Hiring hardships: Local employers believe beefed-up benefits make it harder to find workers

In the first few months of 2021, staff at Express Employment Professionals in Dubuque have observed a pair of noteworthy, divergent trends.

Co-owner Matt Timmerman said he has seen a 20% to 30% reduction in candidates seeking jobs in the past three to four months. Meanwhile, he has witnessed a sizable increase in the number of positions that local companies aim to add.

“There is a huge demand from almost every customer now,” Timmerman said. “They are in dire straits, in terms of needing people. Some of them are struggling to get product out the door.”

These two occurrences — an increase in available jobs and a reduction in those looking to fill them — have defined the labor market so far in 2021. Employers and economic experts alike agree that a robust federal stimulus package is influencing the market.

President Joe Biden last month signed into law the American Rescue Plan, a $1.9 trillion relief plan that included another round of stimulus checks for qualifying individuals and families. It also extended $300 weekly supplements to unemployment benefits through Labor Day.

Loren Rice, an associate professor of accounting and business at Clarke University, said unemployment supplements in particular have impacted labor markets.

“The one-time payments aren’t really impacting labor decisions,” he said. “If you were walking down the street one day and found $500, it wouldn’t affect your decision on whether to work. But if someone said, ‘I am giving you $500 per week,’ that likely would change your decision.”

The latest unemployment metrics from Iowa Workforce Development show there were 57,000 people employed in Dubuque County in February, which is 3,400 fewer than there were at that point last year.

Hard to hire

Gary Tressel, the owner of Die Makers Manufacturing in southwest Grant County, Wis., said he believes the inability to find new workers is leading to major changes in the manufacturing industry.

One of the most notable has been the steep increase in pay for new workers, including those who are landing their first job in the industry. These elevated wages are having a ripple effect throughout the sector.

“You have businesses that are offering $19 to $20 starting pay (per hour) to people without any experience whatsoever,” Tressel said. “That definitely means that I am going to have to pay more.”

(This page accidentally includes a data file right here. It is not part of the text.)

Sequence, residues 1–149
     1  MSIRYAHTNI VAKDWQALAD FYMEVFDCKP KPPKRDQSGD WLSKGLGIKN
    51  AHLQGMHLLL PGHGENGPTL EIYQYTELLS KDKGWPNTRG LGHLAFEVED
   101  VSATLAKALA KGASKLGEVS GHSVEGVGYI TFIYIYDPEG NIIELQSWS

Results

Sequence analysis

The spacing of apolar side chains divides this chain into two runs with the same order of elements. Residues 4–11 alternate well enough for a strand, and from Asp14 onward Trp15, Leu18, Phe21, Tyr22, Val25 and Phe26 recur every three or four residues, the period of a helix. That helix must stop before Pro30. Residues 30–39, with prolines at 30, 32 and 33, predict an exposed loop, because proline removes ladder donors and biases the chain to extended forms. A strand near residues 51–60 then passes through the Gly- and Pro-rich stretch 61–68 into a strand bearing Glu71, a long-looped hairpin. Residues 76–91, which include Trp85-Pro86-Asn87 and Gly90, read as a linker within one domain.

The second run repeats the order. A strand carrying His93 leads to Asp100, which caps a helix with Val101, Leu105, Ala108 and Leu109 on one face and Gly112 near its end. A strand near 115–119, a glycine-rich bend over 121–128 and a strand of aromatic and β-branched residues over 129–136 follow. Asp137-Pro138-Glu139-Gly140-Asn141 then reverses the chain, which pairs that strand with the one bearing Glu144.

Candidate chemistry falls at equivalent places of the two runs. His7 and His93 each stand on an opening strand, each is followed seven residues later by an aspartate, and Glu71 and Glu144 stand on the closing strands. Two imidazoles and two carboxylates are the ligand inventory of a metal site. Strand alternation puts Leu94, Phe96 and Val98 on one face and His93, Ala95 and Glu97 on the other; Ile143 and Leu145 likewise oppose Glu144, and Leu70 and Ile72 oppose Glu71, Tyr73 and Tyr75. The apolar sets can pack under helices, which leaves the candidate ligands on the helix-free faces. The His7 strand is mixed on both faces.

Tressel said his business hasn’t directly faced challenges when it comes to hiring new workers, largely because his staff members generally come to the table with extensive experience.

In the long run, however, Die Makers Manufacturing relies on a steady influx of new people entering the trades. And Tressel fears that fewer people are pursuing these jobs.

“Why go and learn a trade if the government is handing money out?” he asked

The manufacturing industry isn’t the only one taking a hit.

Anthony Lehmann owns a pair of Burger King restaurants in Dubuque. In typical times, they would collectively employ around 60 people, Lehmann said.

Today, the combined employment of the two eateries sits at just more than 40.

That has forced the local Burger Kings to stick with reduced hours — closing at 8 p.m. nightly instead of remaining open later. It has also delayed plans to reopen the dining room.

Lehmann said he has increased wages and enhanced scheduling flexibility in hopes of attracting new workers. But such measures only can do so much when competing employers are taking similar steps to lure workers.

“There are very few candidates that we see come across these days,” Lehmann said. “I know we’re not alone. Everyone I talk to is dealing with the same thing.”

Pros and cons

Despite local employers’ hiring difficulties, Rice emphasized a couple of points concerning the federal stimulus package: First, it isn’t permanent; and second, it wasn’t necessarily bad policy to begin with.

Rice said the recent rush to hire new workers is driven largely by a strong demand for products. Without federal stimulus programs over the past year, the same level of demand simply wouldn’t exist, he said — and neither would the pressing need for more staff members.

Moreover, the additional benefits afforded many Americans the option of staying at home at a time when going to work might have put them at risk of contracting COVID-19.

On an individual level, this allowed those with pre-existing conditions or those caring for a vulnerable loved one to limit exposure and stay safe. On a macro level, this meant fewer people reporting to work and a diminished spread of the virus.

“One could make the argument that these benefits have directly slowed the growth of the virus,” he said.

Rice also noted that the relief package is not a permanent fixture. Rather, its most impactful component on the labor force — the $300 boost in weekly jobless benefits — is slated to expire in September.

That means the labor market will begin to loosen before then, he said.

“As you move closer and closer to that expiration date, there will be more and more people willing to take the job,” he said.